Thursday, October 04, 2007

Today In History: Baby Steps.

On this date in 1957, a Soviet R-7 booster lofted a small pressurized sphere, containing a radio transmitter that beeped and not much else, into orbit. Sputnik I became the first man-made satellite of planet Earth.

On the same date, 47 years later, Burt Rutan's SpaceShipOne collected the Ansari X-Prize with its third trip to space.

9 comments:

triticale said...

One of my earliest memories is of my father's excitement over those silly beeps that our local radio station broadcast in covering the news. Of course, given his pinko politics, he was no doubt jazzed that the Soviets had done it, but I didn't pick up on that.

Standard Mischief said...

Um, second suborbital spaceflight, right? I think it took only two flights to win the X prize.

Sputnik brings up an interesting point, where there's not really a clear line between military and civilian spending. It may have been orbiting around the world beeping out the code for HI, but what it was really saying was "we can drop a nuke anywhere on the planet we wish".

Cybrludite said...

And thirty years after that day, Columbia made her first flight.

Kristopher said...

Not nearly as important as View From The Porch reclaiming its position as the numba one web purveyor of information about Horrible Screaming Death.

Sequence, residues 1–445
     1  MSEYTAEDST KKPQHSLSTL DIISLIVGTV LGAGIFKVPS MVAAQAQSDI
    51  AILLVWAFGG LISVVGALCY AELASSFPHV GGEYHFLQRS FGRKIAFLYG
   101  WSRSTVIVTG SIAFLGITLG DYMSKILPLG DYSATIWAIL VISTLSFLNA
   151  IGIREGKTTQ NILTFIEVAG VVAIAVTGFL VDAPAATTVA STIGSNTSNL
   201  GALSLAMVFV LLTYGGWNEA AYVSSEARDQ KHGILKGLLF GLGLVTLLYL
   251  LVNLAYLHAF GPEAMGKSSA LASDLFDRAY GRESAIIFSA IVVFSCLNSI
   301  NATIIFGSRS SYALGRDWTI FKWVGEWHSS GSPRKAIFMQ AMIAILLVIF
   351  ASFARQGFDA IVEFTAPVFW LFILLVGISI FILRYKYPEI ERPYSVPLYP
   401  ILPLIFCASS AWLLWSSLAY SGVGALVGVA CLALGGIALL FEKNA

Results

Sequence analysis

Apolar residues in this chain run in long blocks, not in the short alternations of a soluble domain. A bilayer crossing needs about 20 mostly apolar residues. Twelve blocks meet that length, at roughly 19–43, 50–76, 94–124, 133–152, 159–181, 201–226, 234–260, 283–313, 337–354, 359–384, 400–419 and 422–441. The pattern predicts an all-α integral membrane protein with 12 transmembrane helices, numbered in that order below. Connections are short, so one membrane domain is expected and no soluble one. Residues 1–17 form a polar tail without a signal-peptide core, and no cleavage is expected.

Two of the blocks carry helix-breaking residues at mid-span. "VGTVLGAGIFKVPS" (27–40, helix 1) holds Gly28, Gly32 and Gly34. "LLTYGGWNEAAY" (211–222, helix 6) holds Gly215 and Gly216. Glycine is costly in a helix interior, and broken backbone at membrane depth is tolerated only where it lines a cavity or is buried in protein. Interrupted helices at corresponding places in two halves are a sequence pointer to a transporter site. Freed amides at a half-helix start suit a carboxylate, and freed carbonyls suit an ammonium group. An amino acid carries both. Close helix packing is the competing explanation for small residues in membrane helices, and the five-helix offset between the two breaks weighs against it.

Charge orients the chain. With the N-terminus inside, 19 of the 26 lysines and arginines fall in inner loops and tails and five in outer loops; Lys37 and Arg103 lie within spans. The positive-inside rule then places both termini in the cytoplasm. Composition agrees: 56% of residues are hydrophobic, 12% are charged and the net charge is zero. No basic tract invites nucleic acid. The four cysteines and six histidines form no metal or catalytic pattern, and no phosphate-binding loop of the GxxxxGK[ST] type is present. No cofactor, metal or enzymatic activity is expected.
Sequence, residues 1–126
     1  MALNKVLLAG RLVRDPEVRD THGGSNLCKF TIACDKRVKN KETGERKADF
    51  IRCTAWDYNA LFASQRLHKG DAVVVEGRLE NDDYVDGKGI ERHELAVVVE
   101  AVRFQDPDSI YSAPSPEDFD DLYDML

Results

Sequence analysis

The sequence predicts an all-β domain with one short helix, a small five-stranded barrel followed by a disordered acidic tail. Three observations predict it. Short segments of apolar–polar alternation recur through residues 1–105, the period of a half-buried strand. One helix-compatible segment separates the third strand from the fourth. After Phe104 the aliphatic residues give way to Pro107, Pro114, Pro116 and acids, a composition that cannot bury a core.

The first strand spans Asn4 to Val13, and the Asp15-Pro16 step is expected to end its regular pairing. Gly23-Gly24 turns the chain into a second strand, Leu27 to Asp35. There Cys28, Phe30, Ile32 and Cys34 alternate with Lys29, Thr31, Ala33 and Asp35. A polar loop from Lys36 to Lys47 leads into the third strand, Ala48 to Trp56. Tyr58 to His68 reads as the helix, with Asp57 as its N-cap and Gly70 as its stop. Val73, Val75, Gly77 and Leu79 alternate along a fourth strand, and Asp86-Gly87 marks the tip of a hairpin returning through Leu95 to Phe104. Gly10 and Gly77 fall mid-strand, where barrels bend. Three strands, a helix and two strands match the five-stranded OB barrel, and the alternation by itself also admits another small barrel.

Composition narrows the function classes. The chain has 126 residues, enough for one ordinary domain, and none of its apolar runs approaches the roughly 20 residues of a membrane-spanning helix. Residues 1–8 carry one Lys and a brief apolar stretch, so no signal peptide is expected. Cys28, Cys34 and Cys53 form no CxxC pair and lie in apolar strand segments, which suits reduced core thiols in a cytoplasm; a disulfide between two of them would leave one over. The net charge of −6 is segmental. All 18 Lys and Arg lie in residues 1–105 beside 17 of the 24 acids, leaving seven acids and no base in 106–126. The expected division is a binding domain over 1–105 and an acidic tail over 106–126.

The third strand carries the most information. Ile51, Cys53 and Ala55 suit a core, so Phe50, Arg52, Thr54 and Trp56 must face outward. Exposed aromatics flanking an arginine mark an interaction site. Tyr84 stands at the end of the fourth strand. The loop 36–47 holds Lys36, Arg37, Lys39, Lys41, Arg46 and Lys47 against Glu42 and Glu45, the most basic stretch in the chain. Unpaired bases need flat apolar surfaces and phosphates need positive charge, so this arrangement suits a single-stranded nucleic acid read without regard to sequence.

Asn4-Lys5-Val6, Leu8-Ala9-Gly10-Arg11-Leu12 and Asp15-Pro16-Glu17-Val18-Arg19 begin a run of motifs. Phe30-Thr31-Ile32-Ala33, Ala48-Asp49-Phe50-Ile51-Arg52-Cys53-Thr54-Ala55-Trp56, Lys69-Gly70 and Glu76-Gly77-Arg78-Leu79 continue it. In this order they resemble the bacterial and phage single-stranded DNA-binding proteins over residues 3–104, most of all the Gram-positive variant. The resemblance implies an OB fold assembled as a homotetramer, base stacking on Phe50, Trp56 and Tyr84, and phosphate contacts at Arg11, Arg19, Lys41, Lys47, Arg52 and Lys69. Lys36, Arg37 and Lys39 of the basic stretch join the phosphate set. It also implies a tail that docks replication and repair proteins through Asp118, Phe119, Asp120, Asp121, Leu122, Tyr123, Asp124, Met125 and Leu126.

Ben said...

We've all heard about the new prize for the first civilian project to put an unmanned rover on the moon that can send back a signal to the team here on Earth, right?

I wish I had lots of money to invest in such a project just for the fun of being able to do it.

Ian Argent said...

http://www.youtube.com/watch?v=-Ryd_p20XEU

An amazing video done to one of my favorite space songs.

(Triggers by Cyberludite's Columbia comment).

Anonymous said...

I'm just pleased to have lived long enough to see it. After the moon landings dwindled and Skylab was abandodned, I thought we'd never return to the High Frontier in my lifetime.

From Suptnik to civilian spaceflight in one lifetime: astounding. And we're not done yet!

Cybrludite said...

Ian,

How do you think I knew off the top of my head that Columbia first flew on the 30th anniversary of Sputnik? ;-)

bob r said...

"Um, second suborbital spaceflight, right? I think it took only two flights to win the X prize."

Two flights within _two_ weeks of each other.

First flight was on June 21, 2004. Third flight took the prize; read the linked article ;-).